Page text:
Books for teaching kids about their bodies and appropriate touch

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Teaching Clarissa about her body is one of my jobs as a mom. She’s known the correct names for a while and we’ve talked about who is allowed to touch her and where. I have found a few books on the subject of body parts and appropriate touch for young children that I thought I would share.

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Amazing You! by Dr Gail Saltz, geared toward preschoolers, is currently one of Clarissa’s favorite books. She loves learning about the human body so she was very excited to learn about private parts and what their functions are. This picture book is easy to read and has illustrations that are appropriate for little kids. It says, “When a man and woman love each other and decide that they want to have a baby, a man’s sperm joins with a woman’s egg. From the egg and sperm, a baby will grow.” But that’s as detailed as it gets about reproduction in this book.

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The Story of Me and Before I was Born are the first two books in a series called “God’s Design For Sex.”

The Story of Me by Stan and Brenna Jones says that it is geared towards age 3 to 5. I think that is pretty accurate. The book talks about giving babies to married people to raise. It talks about a baby growing inside a mommy. The story introduces terms like womb, uterus, and umbilical cord. It also discusses vaginal birth, c-section, and breastfeeding in a way that little kids understand. They even introduced the idea of good touch and bad touch.

Before I was Born by Carolyn Nystrom is written for children ages 5 to 8. This book focuses on the physical differences between boys and girls. It says that God made them different and He said it was good. The book introduced the idea of sex being a gift for married couples and how a baby is made. It also discusses how a baby develops inside his mother.

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Good Pictures Bad Pictures Jr by Kristen Jenson introduces the idea of pornography and talks about what you should do if you see something that you should not see. This one reads a little awkwardly out loud but led to great discussions.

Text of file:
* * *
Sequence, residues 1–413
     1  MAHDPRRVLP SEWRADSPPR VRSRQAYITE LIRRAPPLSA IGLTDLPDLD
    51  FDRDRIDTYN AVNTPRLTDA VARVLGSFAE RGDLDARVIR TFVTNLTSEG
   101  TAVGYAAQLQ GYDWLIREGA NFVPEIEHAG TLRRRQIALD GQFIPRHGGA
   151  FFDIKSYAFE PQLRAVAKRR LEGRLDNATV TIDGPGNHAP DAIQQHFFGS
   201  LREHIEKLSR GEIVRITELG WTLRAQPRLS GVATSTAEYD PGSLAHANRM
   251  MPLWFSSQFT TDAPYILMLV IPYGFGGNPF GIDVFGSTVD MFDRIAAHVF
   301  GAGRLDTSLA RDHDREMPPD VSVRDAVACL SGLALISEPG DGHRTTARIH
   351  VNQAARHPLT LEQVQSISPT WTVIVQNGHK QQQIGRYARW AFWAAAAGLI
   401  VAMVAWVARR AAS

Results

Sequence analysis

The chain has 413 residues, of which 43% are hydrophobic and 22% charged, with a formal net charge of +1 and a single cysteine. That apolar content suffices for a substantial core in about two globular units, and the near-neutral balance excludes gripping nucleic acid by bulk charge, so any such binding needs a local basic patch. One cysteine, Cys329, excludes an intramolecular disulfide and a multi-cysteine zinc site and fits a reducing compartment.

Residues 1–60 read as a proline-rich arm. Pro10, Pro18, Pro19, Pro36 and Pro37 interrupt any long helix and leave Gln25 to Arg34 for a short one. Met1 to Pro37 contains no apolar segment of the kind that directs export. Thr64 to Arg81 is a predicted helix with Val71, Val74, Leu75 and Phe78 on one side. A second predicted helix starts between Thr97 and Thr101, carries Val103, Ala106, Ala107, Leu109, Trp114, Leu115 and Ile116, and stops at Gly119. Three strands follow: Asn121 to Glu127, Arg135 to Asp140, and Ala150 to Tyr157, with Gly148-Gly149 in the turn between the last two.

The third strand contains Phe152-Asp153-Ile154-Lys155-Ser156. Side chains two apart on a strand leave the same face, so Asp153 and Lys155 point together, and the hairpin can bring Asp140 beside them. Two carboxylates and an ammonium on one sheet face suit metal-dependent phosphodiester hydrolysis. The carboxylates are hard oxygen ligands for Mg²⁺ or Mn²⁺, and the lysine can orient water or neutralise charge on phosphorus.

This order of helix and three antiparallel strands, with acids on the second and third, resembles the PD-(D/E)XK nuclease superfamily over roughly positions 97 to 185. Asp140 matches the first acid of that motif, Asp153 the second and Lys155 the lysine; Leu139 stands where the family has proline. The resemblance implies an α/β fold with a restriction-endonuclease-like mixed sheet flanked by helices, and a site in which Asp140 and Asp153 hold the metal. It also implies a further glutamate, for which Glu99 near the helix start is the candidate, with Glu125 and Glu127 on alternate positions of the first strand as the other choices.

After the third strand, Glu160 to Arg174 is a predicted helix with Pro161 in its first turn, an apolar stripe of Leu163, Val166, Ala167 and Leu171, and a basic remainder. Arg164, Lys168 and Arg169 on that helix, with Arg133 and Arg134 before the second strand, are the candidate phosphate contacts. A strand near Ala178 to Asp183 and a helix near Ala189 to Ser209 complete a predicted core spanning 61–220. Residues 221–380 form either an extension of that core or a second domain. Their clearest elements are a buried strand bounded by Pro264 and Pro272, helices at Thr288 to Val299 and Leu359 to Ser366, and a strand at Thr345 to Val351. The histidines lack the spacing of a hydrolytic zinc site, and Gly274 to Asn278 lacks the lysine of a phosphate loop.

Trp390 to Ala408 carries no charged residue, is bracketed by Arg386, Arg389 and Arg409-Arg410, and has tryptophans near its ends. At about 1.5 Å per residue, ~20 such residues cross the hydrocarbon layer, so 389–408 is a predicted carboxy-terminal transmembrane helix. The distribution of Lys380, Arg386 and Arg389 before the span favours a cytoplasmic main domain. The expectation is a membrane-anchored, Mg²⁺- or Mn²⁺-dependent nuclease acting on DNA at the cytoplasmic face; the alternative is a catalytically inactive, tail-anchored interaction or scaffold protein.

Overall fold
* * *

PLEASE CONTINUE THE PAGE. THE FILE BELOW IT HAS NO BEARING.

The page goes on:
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My least favorite was I Said No! A Kid’s Guide to Keeping Private Parts Private by Zack and Kimberly King. I appreciate what the book was trying to do. It was about a boy who went to a sleepover and his friend wanted to show him his private parts. Reading the words as they were written was very awkward. I found myself paraphrasing to to appease my ears. But it did bring about some great discussions between Clarissa and I.

The changing nature of Kindergarten

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Clarissa and I did a preschool curriculum together last school year. She really liked it in the beginning and then started to lose interest in April so we stopped. By May she was asking to do “real school” at home so I planned a June start to kindergarten.

I spent hours looking through all of my school supplies and the activities that I had downloaded. I tried a homeschool planning course to see if that would help me. But I think that stressed me out more because it encouraged me to plan for the entire year before I start the school year. I decided to plan unit studies since I don’t have a formal curriculum to just break down into sections. I did make an outline of what units I thought we would do this year, but I knew it could change because I wasn’t sure how much Clarissa would enjoy doing each day.

I wanted to start slow and get into a habit of doing lessons 20-30 minutes per day just four times per week. Our June Bible story was about Joseph (his coat, his brothers, and his life in Egypt). We read some of the Bible story each day and did a few crafts. We spent some time learning about our five senses, colors, shapes, and emotions. She also learned how to make a peanut butter sandwich and a peanut butter waffle. Some days Clarissa would enjoy school so much that she wanted to do more so we would do two or three days worth of lessons in one day and then she wouldn’t want to do school for a few days. The weather was so nice that we would often do school outside.